Did you know that one in five Americans are expected to develop some form of skin cancer during the lifetimes? That’s an incredible statistic, especially considering that these diseases are often preventable. It’s for this reason that we’d like to remind our readers that May is National Skin Cancer Prevention Month.
Since it has become the most common form of cancer, health care specialists have taken it upon themselves to inspire more communities to get involved during the month of May. We figured that we could do our part to get involved, so we’d like to share with you some tips on how you can protect yourself and your family from skin cancer while spending time in the sun this summer.
Before we share some of these prevention tips, there’s one thing we need for you to do– get to know the skin you’re in. It may sound cliche, but this is the best way to identify potential problems early on. That way you can schedule an appointment with your dermatologist if you notice a suspicious looking mole, bump or spot that wasn’t there before.
Take Action Against Skin Cancer this Summer
Here are a few skin cancer prevention tips to put into practice this summer:
- Make sure that you apply sunscreen (going for an SPF of at least 30 is recommended) to all parts of your body that are going to be exposed to the sun. Even if it’s cloudy outside, experts suggest that you reapply the sunscreen every two hours (you might also consider wearing sunscreen regularly throughout the year, not just during the summer).
- Protective clothing (sunglasses, pants, long-sleeved shirts and wide-brimmed hats) should be worn when possible. We aren’t going to ask you to never sunbathe, but you should take precaution when spending time laying in the sun. We do highly recommend avoiding tanning beds as these have proven to be quite dangerous.
- You should be getting your skin checked once every year by a dermatologist, and you should also be performing self-checks every month or so. This is a really great way to keep tabs on any pesky freckles or moles (especially if they are on a part of the body that is exposed often). Some have even taken to body photography, so they can provide a photographic record of these “to watch” spots to their doctor.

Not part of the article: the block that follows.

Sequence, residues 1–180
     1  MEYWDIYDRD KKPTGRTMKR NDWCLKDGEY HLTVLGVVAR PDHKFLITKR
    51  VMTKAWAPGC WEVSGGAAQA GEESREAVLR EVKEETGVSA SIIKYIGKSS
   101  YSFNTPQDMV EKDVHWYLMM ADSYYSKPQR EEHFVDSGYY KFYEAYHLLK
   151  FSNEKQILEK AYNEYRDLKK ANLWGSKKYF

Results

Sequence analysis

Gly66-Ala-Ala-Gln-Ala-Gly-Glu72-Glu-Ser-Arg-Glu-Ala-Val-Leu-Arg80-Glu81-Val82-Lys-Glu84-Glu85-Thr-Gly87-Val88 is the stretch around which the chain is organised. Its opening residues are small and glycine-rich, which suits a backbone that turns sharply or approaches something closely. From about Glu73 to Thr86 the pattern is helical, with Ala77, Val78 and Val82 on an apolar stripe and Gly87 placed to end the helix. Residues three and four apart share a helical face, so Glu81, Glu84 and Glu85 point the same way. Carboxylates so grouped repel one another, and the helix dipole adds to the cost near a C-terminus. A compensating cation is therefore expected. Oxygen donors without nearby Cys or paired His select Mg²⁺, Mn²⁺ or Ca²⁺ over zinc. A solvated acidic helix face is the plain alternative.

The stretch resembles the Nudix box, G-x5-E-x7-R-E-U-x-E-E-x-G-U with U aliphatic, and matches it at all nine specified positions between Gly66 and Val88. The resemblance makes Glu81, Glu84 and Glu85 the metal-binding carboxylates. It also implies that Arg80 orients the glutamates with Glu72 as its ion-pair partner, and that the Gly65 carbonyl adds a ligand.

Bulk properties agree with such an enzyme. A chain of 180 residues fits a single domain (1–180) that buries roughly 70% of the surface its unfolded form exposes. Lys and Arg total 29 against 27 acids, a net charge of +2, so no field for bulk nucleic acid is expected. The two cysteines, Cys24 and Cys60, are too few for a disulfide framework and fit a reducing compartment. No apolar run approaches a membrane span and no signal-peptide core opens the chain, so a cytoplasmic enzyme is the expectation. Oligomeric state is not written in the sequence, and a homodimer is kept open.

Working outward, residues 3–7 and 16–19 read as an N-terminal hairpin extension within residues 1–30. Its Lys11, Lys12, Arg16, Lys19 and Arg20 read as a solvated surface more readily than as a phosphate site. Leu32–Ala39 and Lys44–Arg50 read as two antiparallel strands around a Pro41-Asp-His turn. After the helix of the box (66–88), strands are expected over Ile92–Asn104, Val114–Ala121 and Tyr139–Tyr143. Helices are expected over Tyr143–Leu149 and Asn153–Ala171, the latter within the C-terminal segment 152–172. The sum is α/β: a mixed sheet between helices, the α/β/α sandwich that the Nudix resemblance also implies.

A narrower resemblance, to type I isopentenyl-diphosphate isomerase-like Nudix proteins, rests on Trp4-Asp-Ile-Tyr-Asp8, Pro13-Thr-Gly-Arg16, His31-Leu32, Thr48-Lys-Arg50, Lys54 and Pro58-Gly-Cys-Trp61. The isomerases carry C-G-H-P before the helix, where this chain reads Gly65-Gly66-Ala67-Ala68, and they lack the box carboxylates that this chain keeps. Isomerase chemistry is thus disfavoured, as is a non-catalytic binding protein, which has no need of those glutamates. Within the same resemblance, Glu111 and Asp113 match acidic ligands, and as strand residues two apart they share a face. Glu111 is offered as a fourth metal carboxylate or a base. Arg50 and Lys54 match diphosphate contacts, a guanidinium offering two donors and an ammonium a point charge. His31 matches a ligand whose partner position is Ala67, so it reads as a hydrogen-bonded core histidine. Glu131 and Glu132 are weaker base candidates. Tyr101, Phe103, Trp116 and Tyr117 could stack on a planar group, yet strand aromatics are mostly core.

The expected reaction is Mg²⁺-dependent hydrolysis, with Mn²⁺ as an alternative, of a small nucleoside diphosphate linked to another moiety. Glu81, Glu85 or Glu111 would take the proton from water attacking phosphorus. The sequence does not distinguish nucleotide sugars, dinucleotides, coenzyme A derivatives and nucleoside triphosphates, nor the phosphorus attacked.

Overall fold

Learn Your ABCDEs for Melanoma
The American Academy of Dermatology also spends a lot of time teaching people about the “ABCDE Rule” during Skin Cancer Prevention Month. This relatively simple rule helps to outline the warning signs for melanoma, which is the deadliest form of skin cancer.
So when you check out a mole on your body, keep your ABCDEs in mind:
- A stands for Asymmetry – Does one portion of the mole not match the other? This could be a sign for melanoma.
- B stands for Border Irregularity – Are the edges of the mole notched, blurred or even ragged in appearance? Irregular borders on a mole should be reported to your doctor.
- C stands for Color – Do you see color variations between different spots on the same mole? Look for different shades of brown or tan, even red, white or blue.
- D stands for Diameter – Melanoma is usually about the size of a pencil eraser (6 millimeters) when it is diagnosed, but it could be smaller. Stay sharp!
- E stands for Evolving – Keep an eye out for a mole that seems different than usual or has been changed in size, shape or color.
Studies have shown that people with light or fair skin are more at risk for these diseases, but the truth is that anyone with skin can develop skin cancer. So remember to take the time to learn about your skin and stay vigilant. Don’t ignore changes or new spots, because catching skin cancer early on means that it can be treated much more easily.